Abstract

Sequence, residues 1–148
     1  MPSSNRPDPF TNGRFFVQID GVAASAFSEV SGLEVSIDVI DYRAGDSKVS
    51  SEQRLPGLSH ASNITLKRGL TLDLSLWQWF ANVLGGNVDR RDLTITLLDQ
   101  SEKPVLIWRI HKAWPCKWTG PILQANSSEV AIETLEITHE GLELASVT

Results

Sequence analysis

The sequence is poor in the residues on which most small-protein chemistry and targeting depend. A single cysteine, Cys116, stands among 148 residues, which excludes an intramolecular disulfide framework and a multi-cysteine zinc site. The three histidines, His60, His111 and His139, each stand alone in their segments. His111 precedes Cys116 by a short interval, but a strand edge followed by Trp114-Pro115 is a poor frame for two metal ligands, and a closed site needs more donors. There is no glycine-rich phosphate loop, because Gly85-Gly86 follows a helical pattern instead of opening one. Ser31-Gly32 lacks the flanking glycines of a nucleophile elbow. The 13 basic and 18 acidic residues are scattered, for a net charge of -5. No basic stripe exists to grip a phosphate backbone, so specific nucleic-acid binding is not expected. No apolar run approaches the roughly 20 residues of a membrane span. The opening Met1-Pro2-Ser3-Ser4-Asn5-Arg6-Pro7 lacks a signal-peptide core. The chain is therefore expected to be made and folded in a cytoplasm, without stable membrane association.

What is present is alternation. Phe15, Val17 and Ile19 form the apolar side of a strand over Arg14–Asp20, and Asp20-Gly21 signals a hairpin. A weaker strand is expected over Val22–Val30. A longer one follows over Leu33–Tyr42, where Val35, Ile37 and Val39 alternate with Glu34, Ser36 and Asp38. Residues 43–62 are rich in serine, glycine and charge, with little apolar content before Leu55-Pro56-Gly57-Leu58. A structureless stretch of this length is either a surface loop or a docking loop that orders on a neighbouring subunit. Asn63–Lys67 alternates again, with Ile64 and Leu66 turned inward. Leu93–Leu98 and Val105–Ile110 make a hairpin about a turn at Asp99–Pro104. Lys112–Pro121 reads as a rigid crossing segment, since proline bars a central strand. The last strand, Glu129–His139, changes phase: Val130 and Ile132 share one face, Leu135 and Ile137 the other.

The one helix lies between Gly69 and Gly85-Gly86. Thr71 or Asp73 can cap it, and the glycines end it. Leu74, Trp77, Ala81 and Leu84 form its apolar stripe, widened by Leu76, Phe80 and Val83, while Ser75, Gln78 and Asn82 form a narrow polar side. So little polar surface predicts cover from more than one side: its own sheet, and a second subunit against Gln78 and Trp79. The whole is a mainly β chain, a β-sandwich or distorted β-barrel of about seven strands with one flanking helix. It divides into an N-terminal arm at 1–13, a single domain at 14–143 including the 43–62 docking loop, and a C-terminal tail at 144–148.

Contamination can intrude into urban water distribution systems through pipe leakage orifices or other deficiencies, which can create public health risks. Intrusion volume is a significant indicator of health risks when a pollution incident occurs. A pilot-scale platform was constructed to simulate the contamination intrusion through leakage holes caused by low or negative pressure events. The intrusion device was improved from the author's previous study by substituting the replaceable pipes in the main pipe for the side connecting pipe. Comparison between the two intrusion devices demonstrated that the intrusion device with the side connecting pipe may underestimate the intrusion volume. The orifice diameter range is extended to be 3–19.0 mm to analyze the effects of leakage sizes on the intrusion volume. The results show that the intrusion volume first increased and then decreased with increase of the orifice diameter. The calculated intrusion volume by the orifice discharge equation using the measured discharge coefficient is slightly different from the measured intrusion volume.

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